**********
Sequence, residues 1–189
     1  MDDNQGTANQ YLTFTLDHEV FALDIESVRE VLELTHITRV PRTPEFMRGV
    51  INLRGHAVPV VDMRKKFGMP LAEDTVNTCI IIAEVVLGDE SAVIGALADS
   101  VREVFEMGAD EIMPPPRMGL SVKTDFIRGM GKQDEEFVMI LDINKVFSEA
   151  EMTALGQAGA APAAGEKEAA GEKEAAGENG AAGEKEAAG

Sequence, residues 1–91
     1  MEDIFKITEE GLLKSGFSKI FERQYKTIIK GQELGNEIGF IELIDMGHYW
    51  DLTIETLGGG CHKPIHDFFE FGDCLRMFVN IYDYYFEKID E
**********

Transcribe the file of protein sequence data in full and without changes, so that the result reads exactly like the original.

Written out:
Sequence, residues 1–189
     1  MDDNQGTANQ YLTFTLDHEV FALDIESVRE VLELTHITRV PRTPEFMRGV
    51  INLRGHAVPV VDMRKKFGMP LAEDTVNTCI IIAEVVLGDE SAVIGALADS
   101  VREVFEMGAD EIMPPPRMGL SVKTDFIRGM GKQDEEFVMI LDINKVFSEA
   151  EMTALGQAGA APAAGEKEAA GEKEAAGENG AAGEKEAAG

Sequence, residues 1–91
     1  MEDIFKITEE GLLKSGFSKI FERQYKTIIK GQELGNEIGF IELIDMGHYW
    51  DLTIETLGGG CHKPIHDFFE FGDCLRMFVN IYDYYFEKID E